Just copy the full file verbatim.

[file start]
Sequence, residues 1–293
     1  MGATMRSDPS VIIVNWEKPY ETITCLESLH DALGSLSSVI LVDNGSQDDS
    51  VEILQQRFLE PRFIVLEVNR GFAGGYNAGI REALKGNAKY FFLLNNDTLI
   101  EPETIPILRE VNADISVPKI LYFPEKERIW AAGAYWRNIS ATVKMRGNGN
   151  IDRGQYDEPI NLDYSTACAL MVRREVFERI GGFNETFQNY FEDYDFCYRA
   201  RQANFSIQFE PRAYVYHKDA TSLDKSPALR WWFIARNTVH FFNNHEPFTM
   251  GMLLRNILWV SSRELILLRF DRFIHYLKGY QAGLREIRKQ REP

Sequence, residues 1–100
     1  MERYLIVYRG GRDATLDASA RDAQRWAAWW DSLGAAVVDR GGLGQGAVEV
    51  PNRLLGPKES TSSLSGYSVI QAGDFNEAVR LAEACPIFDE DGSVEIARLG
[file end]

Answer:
Sequence, residues 1–293
     1  MGATMRSDPS VIIVNWEKPY ETITCLESLH DALGSLSSVI LVDNGSQDDS
    51  VEILQQRFLE PRFIVLEVNR GFAGGYNAGI REALKGNAKY FFLLNNDTLI
   101  EPETIPILRE VNADISVPKI LYFPEKERIW AAGAYWRNIS ATVKMRGNGN
   151  IDRGQYDEPI NLDYSTACAL MVRREVFERI GGFNETFQNY FEDYDFCYRA
   201  RQANFSIQFE PRAYVYHKDA TSLDKSPALR WWFIARNTVH FFNNHEPFTM
   251  GMLLRNILWV SSRELILLRF DRFIHYLKGY QAGLREIRKQ REP

Sequence, residues 1–100
     1  MERYLIVYRG GRDATLDASA RDAQRWAAWW DSLGAAVVDR GGLGQGAVEV
    51  PNRLLGPKES TSSLSGYSVI QAGDFNEAVR LAEACPIFDE DGSVEIARLG